A black hole is an object so compact -- usually a collapsed star -- that nothing can escape its gravitational pull. Not even light. In this image, we can see a black hole, but only because it is surrounded by a superheated disc of material, an accretion disc. The massive gravity is also pulling in a nearby gas cloud, top left.

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  • 679-06672924

    Sunrise over Earth, computer artwork.

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  • 679-06672918

    Alien planet, computer artwork.

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  • 679-06672917

    Alien planet, computer artwork.

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  • 679-06672904

    Solar system, computer artwork.

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  • 679-06672863

    Alien planet, computer artwork.

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  • 679-06672860

    Sunrise over North America, computer artwork.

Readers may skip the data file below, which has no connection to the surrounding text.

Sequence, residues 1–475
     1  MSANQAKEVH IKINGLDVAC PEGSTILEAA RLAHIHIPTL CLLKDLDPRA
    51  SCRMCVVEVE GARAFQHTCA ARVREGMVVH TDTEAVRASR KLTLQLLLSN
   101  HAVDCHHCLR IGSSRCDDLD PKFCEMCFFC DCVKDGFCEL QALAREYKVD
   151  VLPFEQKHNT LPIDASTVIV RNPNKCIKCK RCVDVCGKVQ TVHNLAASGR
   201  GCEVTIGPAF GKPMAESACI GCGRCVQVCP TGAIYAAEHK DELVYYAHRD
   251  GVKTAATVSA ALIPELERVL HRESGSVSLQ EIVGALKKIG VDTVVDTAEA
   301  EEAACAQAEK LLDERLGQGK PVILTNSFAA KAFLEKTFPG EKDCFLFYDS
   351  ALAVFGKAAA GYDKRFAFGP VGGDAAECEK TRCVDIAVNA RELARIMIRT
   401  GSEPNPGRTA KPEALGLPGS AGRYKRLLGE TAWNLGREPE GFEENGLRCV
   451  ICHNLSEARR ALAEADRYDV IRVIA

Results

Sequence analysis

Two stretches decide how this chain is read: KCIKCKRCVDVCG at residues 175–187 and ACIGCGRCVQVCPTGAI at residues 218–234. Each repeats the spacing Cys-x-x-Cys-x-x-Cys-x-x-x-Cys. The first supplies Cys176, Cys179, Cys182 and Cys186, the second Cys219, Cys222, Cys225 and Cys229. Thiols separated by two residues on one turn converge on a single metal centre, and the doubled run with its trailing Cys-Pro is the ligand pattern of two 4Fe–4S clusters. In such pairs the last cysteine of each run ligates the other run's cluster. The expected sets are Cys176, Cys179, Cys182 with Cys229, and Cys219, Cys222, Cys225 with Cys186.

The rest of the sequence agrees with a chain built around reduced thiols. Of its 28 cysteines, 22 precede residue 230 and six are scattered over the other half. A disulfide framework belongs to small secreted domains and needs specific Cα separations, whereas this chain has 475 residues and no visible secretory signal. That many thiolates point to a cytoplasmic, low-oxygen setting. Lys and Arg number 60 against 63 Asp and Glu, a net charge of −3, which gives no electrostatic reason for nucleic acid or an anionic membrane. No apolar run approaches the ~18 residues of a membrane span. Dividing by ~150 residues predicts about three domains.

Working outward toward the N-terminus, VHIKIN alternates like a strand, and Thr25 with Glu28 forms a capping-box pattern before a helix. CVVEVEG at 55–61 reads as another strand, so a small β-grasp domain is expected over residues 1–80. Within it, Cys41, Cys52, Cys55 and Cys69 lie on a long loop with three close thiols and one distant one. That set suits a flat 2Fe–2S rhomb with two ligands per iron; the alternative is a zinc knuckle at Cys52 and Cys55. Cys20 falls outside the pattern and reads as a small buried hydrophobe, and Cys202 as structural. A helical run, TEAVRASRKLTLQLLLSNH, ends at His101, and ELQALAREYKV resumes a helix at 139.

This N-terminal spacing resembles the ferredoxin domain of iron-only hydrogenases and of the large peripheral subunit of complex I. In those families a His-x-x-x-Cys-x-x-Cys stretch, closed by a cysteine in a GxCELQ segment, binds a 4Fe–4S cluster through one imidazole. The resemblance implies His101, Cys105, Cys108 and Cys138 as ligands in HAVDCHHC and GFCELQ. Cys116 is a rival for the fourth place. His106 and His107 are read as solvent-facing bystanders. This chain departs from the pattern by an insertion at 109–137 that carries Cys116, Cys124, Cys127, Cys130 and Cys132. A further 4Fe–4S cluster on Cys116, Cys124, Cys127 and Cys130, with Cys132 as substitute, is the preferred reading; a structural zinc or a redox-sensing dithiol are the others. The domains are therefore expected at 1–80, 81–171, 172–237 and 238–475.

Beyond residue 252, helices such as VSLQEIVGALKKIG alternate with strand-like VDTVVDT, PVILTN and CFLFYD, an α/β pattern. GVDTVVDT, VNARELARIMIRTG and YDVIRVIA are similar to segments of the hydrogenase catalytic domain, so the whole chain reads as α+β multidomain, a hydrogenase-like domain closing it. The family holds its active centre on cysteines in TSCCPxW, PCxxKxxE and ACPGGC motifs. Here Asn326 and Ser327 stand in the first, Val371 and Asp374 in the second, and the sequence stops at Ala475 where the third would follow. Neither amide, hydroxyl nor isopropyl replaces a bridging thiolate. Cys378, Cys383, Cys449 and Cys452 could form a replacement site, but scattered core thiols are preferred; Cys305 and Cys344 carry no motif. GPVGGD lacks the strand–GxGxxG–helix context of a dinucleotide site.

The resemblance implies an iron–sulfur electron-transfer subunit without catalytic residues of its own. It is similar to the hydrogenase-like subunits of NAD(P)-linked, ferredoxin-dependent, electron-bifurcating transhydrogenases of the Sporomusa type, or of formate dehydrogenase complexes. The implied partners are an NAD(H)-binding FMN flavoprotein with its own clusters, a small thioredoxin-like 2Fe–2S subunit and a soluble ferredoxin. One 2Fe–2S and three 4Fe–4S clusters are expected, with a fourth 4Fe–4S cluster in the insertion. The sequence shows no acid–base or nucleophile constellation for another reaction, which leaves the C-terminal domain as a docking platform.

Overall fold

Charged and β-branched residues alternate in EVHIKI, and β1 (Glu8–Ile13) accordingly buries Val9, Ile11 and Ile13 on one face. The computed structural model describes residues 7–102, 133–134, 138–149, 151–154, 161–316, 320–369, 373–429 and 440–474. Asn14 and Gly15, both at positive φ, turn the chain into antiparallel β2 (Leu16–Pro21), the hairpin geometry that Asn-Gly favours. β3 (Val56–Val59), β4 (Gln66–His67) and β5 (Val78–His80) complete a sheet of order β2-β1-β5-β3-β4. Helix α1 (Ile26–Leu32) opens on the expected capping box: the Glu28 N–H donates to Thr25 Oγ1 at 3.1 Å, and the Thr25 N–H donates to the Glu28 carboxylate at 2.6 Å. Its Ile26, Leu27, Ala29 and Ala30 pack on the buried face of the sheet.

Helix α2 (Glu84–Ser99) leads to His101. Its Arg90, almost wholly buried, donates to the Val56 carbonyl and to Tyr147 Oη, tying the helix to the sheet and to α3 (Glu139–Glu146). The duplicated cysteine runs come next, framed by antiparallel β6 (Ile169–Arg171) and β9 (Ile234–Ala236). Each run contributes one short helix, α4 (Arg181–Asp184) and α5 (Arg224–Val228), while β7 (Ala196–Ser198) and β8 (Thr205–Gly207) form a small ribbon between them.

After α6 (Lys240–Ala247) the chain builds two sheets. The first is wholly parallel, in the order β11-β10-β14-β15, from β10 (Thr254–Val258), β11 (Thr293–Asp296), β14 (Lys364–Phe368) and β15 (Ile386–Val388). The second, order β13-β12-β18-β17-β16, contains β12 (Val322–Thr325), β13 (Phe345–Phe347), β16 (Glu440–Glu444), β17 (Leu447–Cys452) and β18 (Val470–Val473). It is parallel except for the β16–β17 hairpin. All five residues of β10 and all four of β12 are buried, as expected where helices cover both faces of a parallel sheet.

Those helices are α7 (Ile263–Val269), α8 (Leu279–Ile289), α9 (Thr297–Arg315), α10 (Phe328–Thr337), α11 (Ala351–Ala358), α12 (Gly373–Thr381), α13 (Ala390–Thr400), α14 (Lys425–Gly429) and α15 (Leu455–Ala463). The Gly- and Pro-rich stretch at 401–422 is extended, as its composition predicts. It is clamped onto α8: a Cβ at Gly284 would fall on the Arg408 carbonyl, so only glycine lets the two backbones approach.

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  • 679-06672849

    Solar system, computer artwork.

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  • 679-06672848

    Solar system, computer artwork.

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  • 679-06672847

    Planet Mercury, computer artwork.

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  • 679-05996422

    Naine blanche étoile, oeuvre d'ordinateur.

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  • 679-05992727

    Temps à voyager des engins spatiaux. Oeuvre informatique conceptuelle d'un engin spatial qui transitent par un trou de ver.

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  • 679-06198391